Why do we repeat vaccinations? The pup get passive immunity from mom when nursing. They pick up her antibodies through the milk. This immunity will actually interfere with the pup's ability to make its own immunity from the vaccine challenge.





Here is just one vets sample of a vaccination schedule:

6 to 7 weeks of age: Give first combination vaccine. (Distemper, Hepatitis, Parvovirus, Parainfluenza)


9 weeks of age: Give second combination vaccine.


12 weeks of age: Give the third combination injection and possibly a LYME Vaccine inoculation. Generally a LYME vaccine is then repeated two weeks later, then once a year.


16 weeks of age: Give the last combination vaccine.


12 to 16 weeks of age: Rabies vaccine is given. (Local and State laws apply regarding Rabies vaccine since this can be a human disease, too. Your veterinarian will tell you the proper time intervals for booster vaccines for Rabies.)


11/24/2001 Another nice day the pups spent outside. Later I stacked them all on the grooming table to get them used to it, then clipped nails. That's 160 toenails to clip! If dewclaws were left on, that would have been another 20 nails. When the pups were younger, the nails were soft and easy to nip off. Now they are more like dog toenails. Tougher, darker. Harder to see the quick or vein in the center of the nail. With 160 nails to clip, I only nicked one quick. I use Kwik-Stop coagulant powder to stop the bleeding. The pup didn't seem to mind. (Yellow girl) she was more interested in the attention, getting petted, and the treats.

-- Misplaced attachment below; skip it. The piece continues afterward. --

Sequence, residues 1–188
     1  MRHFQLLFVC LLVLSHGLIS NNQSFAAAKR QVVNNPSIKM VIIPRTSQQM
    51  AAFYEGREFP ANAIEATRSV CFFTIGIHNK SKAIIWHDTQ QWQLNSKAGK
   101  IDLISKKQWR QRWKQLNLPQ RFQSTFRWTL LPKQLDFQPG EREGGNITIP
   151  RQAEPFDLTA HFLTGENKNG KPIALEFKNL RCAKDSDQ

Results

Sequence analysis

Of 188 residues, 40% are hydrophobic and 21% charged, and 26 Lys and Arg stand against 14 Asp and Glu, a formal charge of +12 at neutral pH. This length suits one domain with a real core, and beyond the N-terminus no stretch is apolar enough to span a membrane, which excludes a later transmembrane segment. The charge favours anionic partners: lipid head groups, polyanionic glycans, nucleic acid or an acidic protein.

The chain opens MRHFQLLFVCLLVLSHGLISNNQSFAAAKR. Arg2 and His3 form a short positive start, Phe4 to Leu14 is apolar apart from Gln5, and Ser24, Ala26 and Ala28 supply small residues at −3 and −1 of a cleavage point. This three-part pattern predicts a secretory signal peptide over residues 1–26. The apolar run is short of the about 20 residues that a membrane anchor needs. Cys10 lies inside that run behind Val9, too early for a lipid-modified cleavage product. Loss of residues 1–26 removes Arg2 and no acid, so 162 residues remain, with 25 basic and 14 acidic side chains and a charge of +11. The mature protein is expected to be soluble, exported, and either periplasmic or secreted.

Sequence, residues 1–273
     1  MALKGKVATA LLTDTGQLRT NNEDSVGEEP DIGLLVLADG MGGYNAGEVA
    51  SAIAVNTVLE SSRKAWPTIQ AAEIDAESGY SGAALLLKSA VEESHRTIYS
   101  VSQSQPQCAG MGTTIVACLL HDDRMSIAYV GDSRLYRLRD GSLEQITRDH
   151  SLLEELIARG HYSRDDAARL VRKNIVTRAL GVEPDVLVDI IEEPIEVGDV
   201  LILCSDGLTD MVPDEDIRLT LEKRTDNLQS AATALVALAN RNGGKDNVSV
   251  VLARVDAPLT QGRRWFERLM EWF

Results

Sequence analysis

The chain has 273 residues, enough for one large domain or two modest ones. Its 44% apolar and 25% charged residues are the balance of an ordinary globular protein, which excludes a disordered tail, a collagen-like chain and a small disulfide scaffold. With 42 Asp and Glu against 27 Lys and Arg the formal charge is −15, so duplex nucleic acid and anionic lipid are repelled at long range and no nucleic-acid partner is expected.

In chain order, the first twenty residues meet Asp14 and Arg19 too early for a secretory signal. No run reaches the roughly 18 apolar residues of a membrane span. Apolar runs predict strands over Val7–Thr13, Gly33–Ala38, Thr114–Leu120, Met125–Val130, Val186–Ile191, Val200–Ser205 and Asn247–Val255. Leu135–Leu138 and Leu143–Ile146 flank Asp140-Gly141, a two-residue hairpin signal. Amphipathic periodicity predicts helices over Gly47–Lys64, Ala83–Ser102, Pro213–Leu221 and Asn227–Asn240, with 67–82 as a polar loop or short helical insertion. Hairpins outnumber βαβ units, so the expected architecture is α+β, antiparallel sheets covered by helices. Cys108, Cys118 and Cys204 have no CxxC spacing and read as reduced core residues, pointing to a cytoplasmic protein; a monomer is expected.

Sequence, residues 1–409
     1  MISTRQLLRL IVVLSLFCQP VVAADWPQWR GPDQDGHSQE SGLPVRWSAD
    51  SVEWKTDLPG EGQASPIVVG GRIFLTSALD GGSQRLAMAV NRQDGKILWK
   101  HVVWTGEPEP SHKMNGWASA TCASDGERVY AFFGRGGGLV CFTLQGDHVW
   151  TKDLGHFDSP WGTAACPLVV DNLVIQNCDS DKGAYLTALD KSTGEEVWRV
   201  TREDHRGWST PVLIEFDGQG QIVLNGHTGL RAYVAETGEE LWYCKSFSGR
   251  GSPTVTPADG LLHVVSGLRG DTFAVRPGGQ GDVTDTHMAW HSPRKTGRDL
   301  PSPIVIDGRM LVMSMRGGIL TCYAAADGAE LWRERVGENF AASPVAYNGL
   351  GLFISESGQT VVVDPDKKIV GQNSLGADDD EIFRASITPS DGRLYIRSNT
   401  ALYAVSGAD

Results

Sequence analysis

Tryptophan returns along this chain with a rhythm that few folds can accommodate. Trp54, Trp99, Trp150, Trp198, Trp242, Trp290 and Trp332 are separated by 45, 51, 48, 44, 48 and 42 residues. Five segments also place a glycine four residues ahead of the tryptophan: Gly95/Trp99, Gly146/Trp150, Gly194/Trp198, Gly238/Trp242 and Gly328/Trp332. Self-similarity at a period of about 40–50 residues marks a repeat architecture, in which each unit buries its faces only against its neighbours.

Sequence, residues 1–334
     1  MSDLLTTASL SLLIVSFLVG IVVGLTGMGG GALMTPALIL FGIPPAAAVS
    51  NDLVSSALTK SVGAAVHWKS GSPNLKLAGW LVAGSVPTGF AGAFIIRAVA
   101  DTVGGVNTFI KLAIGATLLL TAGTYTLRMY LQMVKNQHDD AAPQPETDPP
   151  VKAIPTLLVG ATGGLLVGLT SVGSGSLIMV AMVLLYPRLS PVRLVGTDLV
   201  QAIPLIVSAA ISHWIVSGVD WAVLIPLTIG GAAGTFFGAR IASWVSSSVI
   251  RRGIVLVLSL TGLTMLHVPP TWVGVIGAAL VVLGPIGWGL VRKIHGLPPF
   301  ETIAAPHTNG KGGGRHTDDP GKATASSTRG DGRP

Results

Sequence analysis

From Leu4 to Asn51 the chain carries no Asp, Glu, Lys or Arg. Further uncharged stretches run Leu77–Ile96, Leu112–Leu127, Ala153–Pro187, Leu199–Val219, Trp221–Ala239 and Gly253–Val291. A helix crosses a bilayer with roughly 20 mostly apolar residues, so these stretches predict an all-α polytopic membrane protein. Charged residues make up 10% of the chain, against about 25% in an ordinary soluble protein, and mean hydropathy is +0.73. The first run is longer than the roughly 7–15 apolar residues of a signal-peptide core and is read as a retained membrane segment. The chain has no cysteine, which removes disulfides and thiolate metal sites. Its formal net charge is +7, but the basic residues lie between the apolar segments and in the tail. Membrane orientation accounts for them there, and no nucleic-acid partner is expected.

I like to get a young pup used to having his feet handled often. Don't just grab your dog and go to town clipping his nails! Get him used to you touching his feet, touching his nails, spreading the webbing in the feet. Leave the clippers out where he can sniff at them, check them out. You may even pretend to do your own nails with the clippers to get the dog interested in them. Get your dog so you can just touch the clippers to each of his paws. Reward the pup when he lets you. Get the pup used to you touching each toe with the clippers. Reward and praise. Make this a pleasant, positive time. Its easier to take the time and condition your dog to having his nails trimmed than to fight your dog each time. Here is some more information about nail clipping.